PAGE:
What was the "sheer amount of errata?" I think the Core Rulebook released 3 errata. Anyway, the amount of errata doesn't concern me. It's the final product that I make a judgement call on whether or not it is a good RPG.

In the final analysis: Despite Saga's shortcomings (ex: the skills vs. defense issue), I think Saga is the best Star Wars RPG out there right now.


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What was the "sheer amount of errata?" I think the Core Rulebook released 3 errata.



There are pages and pages of errata and suggested fixes for the core book alone. That's not the sign of a product ready to be released.



Anyway, the amount of errata doesn't concern me. It's the final product that I make a judgement call on whether or not it is a good RPG.


Well, even with all the errata, I think the Saga system is just not a good fit for Star Wars. I used to love building characters with it, and running the tactical combat game the system is built around, but it never captured the feel of the movies' action or dramatic scenes.




In the final analysis: Despite Saga's shortcomings (ex: the skills vs. defense issue), I think Saga is the best Star Wars RPG out there right now.


I agree, I just don't think this means that it is a good Star Wars game. Saga can be a fun system, but a D20 derivative, class- and map-focused tactics game is absolutely not what I would want for Star Wars.

I have to agree with Stanoje.  Saga is fun, I have fun playing it, but man it is full of mistakes and is very easy for players to break, and do so very quickly.  I have seen players roll in the 40s at level 8, and the game's difficulty ratings and NPCs simply does not accoutn for that to occur, though it seems to happen all the time.  Either that, or Saga wanted its players to be gods at level 8...

as for my other point about FFG, yes I want them to release great games.  But considering both the miniature and card game had to be reworked, almost completely, I really hope FFG waits to announce any RPG until the system is sorted.  Having people wait over a year after an announcement can really turn off consumers and hurt sales.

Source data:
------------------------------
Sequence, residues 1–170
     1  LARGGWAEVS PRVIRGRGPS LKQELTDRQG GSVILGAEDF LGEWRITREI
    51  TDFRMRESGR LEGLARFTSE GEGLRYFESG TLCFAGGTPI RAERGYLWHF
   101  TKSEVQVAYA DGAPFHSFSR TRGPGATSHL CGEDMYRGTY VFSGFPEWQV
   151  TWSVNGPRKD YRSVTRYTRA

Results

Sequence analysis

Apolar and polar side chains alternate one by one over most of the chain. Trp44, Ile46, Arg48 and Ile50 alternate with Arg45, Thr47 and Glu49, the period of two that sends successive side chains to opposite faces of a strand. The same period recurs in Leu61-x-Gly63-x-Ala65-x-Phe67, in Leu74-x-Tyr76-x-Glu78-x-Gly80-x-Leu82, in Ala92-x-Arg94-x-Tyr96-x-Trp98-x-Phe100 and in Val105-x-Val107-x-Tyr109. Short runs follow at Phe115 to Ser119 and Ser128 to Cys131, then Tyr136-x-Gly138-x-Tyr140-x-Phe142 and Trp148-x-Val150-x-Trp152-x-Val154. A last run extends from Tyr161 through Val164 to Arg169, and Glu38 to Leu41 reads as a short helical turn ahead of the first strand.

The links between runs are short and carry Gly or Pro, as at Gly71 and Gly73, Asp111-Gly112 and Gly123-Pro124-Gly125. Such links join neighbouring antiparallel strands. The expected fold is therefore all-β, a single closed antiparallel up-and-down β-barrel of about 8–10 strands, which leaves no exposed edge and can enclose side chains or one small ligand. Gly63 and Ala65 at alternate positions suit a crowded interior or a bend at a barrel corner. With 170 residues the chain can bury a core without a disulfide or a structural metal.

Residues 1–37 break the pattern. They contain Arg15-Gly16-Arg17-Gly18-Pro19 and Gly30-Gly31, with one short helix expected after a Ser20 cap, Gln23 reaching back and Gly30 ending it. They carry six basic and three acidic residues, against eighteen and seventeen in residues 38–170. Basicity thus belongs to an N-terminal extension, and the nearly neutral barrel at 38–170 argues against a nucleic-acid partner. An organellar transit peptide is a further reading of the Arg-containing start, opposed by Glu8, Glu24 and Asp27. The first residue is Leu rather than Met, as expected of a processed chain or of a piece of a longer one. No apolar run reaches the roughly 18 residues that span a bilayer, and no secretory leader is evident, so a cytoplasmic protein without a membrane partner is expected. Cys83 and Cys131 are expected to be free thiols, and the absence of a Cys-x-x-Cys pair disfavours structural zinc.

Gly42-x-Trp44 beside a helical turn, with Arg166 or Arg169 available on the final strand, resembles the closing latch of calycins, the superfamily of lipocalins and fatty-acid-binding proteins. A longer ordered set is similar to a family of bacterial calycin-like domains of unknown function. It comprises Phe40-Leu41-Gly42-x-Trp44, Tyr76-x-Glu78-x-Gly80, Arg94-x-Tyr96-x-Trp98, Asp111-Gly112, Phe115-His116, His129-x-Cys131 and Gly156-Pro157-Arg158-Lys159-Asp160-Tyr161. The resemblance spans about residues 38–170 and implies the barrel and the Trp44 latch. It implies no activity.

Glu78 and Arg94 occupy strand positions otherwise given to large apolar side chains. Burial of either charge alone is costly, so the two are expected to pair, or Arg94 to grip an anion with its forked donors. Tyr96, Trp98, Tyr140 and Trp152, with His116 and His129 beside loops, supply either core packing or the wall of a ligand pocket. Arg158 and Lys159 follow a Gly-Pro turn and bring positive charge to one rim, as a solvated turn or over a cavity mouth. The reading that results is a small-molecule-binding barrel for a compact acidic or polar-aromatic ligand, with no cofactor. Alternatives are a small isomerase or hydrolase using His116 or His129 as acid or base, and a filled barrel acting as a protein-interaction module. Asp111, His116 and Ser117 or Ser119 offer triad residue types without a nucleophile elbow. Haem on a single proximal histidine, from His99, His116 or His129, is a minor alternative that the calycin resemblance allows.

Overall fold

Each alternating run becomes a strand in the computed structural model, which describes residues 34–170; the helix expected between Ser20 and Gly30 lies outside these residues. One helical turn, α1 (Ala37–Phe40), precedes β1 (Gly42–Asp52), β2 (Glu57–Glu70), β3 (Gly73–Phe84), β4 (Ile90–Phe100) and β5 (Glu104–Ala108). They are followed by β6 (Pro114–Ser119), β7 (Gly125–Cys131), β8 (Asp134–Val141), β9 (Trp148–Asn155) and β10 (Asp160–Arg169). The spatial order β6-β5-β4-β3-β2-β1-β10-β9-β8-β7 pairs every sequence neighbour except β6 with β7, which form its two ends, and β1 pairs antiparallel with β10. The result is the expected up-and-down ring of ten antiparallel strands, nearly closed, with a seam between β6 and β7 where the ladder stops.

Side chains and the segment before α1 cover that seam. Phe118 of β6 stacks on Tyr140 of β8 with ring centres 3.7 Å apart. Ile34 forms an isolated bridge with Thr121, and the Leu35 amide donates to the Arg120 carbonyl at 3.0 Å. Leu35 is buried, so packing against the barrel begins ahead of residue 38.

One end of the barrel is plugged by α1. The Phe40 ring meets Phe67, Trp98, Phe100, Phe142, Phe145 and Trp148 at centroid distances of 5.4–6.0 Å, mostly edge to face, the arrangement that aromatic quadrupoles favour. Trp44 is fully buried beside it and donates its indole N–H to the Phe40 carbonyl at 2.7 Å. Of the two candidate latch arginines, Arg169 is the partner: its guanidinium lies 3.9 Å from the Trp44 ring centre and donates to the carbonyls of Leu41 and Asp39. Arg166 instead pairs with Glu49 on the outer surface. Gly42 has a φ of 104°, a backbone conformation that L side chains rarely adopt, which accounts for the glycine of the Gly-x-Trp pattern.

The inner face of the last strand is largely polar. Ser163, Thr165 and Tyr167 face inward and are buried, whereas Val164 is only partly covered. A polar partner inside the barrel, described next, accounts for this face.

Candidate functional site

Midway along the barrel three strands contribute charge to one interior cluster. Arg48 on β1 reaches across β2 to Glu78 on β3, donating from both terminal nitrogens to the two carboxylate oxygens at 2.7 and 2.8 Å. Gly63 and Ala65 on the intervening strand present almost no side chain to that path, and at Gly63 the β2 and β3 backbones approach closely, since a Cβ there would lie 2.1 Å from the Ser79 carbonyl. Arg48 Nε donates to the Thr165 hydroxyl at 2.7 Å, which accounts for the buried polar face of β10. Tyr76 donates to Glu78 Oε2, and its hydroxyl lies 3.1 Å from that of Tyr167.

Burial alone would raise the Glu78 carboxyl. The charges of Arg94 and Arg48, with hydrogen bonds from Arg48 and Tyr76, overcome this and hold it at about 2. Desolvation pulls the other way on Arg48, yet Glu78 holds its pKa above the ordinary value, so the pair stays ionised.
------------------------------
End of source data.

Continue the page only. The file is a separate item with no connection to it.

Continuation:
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If it's a well edited, extensively playtested game like Warhammer FRP, I won't buy it. (And if it were a well edited, extensively playtested game from Margaret Weis Productions, I wouldn't go near it with a 10 foot pole. ) So while I'd generally like to see a well edited, extensively playtested game, there's a lot more that would go into my decision making process than that.

I'm not opposed to grid maps, but I'm not married to them either. Saga definitely runs better with them than without them (no surprise there) but I have just as much fun (with a lot less prep time) playing our Marvel Super-Heroes game with no maps. So I handle more tactical or less tactical just fine. What I don't want is a big box full of special cards, special dice and other fiddly bits, or a game where my character's sense of humor stat helps determine whether or not I hit the Sith Lord in a lightsaber duel.
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To think, when the next SWRPG comes out I may finally decide to quit following it.

SAGA certainly is designed for use with a grid but it could be played without provided you trust your GM and are willing to admit that not everything is going to be useful.  I don't want to go into some of the finer points about going gridless (like finding, using, and negating cover in a ranged battle) but it can be done especially if your game isn't a big mix of ranged and melee characters.

There may have been some errata released for the SECR but if you look at the size of it's "team" I'd say it is NOTHING compared to the rewrite that must be 4e's core rulebooks.  Blame the company if you like but most of the time I do just fine referencing my old SECR (I do have a second printing somewhere) with an awareness that some of it isn't exactly right.

I know I'm a little curious what types of characters routinely "roll in the 40s" at 8th-level.  I have a very hard time seeing even a skill check routinely be that high with +10 (trainnig + focus) +4 level = +14 which leaves another +6 in modifiers before "take 20" can hit a 40.  Maybe there are some errors somewhere to account for those characters.  Now even if there aren't any mistakes what's wrong with having "gods" at 8th-level when some people believe their characters need to be that much stronger then everyone else right out of the gate.

At least from a PC point of view I agree with Richterbelmont that aside from the Skill vs. Defense issue (which could be addressed pretty easily) SWSE is easily my favorite SWRPG and in my opinion the best d20 RPG.

I'm not sure you could make an RPG that would make everyone happy, especially based in the StarWars Universe, because people have too many ideas on what that would mean.  I know people complain about SAGA's "Jedi" being both too strong and too weak all at the same time. 
(And if it were a well edited, extensively playtested game from Margaret Weis Productions, I wouldn't go near it with a 10 foot pole. )